Tokyo Police Club’s Champ feels like a trip back to whatever small town you were from and a visit to whatever small girl it was you used to like when you used to be a small boy.
Filled with songs that barely escape three minutes, the second record from Newmarket’s favourite sons is a more emotional effort than Elephant Shell but it still maintains the energy and fun that made that first LP shine.
Of course, it’s been hard for Tokyo Police Club to climb ahead of the hype around their fantastic debut Lesson in Crime EP. While some, like myself, have admired their ability to tell sharp, concise stories in relatively short and simple spaces, others have pined for the days of yore.
Frontman David Monks is again picking up on the angles he delivered with Elephant Shell. His vocals carry more weight to them and his stories feel richer, expanding into memories of childhood and sunny days when school was out and friends came to visit through the bedroom window.
For Tokyo Police Club, the name of the game is filling in the spaces with catchy pop hooks and delectably sweet melodies. Champ has no shortage of either, keeping to a charming pattern of delivering radio-ready, digestible tunes that play excellently with a big tall pitcher of Kool-Aid and some fun on the trampoline.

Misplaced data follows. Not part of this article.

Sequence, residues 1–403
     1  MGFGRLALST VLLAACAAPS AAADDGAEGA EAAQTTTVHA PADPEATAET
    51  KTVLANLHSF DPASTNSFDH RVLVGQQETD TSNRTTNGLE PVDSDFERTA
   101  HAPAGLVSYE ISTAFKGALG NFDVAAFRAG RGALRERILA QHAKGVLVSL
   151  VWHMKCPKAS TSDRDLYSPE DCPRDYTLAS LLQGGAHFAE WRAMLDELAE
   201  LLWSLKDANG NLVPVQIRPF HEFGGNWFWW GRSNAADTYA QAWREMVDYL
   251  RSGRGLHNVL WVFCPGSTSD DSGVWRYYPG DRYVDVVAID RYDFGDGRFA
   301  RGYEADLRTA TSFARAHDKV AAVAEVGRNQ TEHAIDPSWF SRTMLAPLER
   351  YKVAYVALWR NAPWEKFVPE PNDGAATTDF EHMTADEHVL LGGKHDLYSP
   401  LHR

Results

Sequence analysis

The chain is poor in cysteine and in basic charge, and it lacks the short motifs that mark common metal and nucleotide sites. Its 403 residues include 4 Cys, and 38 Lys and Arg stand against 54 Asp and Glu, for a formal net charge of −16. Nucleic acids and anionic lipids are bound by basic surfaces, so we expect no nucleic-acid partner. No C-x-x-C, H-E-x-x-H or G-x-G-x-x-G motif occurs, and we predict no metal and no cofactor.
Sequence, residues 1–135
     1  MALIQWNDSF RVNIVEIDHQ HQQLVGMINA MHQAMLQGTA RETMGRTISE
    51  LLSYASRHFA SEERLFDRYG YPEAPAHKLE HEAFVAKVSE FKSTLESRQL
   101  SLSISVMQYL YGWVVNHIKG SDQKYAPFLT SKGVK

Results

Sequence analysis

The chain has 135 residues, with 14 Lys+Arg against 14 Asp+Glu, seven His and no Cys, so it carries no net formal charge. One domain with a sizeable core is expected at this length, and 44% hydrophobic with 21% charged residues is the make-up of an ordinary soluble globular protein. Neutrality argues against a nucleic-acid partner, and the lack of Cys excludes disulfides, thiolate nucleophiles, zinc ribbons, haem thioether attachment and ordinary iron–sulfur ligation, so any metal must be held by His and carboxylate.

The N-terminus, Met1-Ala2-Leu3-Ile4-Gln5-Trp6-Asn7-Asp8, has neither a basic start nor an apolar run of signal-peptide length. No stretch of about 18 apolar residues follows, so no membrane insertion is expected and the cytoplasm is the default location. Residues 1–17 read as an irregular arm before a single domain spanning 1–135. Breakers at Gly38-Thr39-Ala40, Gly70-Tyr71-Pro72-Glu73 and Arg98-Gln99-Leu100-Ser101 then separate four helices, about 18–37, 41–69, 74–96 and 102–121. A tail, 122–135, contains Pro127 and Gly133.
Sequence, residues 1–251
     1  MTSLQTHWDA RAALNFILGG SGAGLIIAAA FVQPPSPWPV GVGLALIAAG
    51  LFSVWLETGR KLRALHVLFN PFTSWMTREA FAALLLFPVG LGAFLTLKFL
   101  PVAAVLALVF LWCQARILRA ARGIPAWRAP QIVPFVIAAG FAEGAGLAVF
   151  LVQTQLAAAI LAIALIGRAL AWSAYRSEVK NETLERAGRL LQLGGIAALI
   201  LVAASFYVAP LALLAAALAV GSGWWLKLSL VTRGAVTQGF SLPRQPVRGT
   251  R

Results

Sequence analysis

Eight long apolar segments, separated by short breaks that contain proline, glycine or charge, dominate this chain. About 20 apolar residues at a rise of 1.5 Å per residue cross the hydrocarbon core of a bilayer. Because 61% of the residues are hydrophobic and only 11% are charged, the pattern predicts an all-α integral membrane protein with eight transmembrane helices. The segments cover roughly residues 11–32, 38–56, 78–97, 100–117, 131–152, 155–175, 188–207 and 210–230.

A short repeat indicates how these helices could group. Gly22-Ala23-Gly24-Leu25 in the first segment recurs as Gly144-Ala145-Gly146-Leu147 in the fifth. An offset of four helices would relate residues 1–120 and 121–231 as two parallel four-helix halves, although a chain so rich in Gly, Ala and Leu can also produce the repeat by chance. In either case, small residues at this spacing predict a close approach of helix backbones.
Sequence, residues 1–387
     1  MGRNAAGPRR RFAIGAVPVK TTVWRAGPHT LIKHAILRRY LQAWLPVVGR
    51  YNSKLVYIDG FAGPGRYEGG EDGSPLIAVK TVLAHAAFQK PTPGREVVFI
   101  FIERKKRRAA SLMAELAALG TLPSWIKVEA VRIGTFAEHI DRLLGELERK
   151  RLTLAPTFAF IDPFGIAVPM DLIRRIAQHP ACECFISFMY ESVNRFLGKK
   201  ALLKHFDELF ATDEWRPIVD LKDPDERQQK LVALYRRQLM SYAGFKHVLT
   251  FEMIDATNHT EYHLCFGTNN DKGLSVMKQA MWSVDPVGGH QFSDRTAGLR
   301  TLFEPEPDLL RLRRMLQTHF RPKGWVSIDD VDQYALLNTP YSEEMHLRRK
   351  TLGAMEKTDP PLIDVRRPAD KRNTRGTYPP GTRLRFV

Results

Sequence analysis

Tokyo Police Club no longer has to live up to the magic of Lessons in Crime, allowing the quartet every opportunity to spread their wings into more melodic territory.
Champ begins with “Favourite Food” and “Favourite Colour,” a pair of tracks that crackle with the sweetness of summer rain. The off-kilter “tune up” of “Favourite Food” lies perfectly with the band’s hesitancy to pull the song out to its natural pace and the beauty of the marvellous hooks of “Favourite Colour” is sometimes hard to bear. The choruses are addictive.
“Hands Reversed” is probably my favourite track on the album. Monks sings “Because the breakfast of champions is a hedonistic hell” with deadpan accuracy, unloading one of the album’s great lyrics like a weight on his shoulders. At the same time, the band keeps it light and poppy with gently swaying guitar and keys.
Like Elephant Shell, Champ is an album of memories. Not all of them are grand and some of them are confusing, like the time that small girl you used to like when you used to be a small boy almost kissed your small nose but turned away at the last damned second, but the luxury isn’t often in the good or bad of the remembrance – it’s in the remembering itself.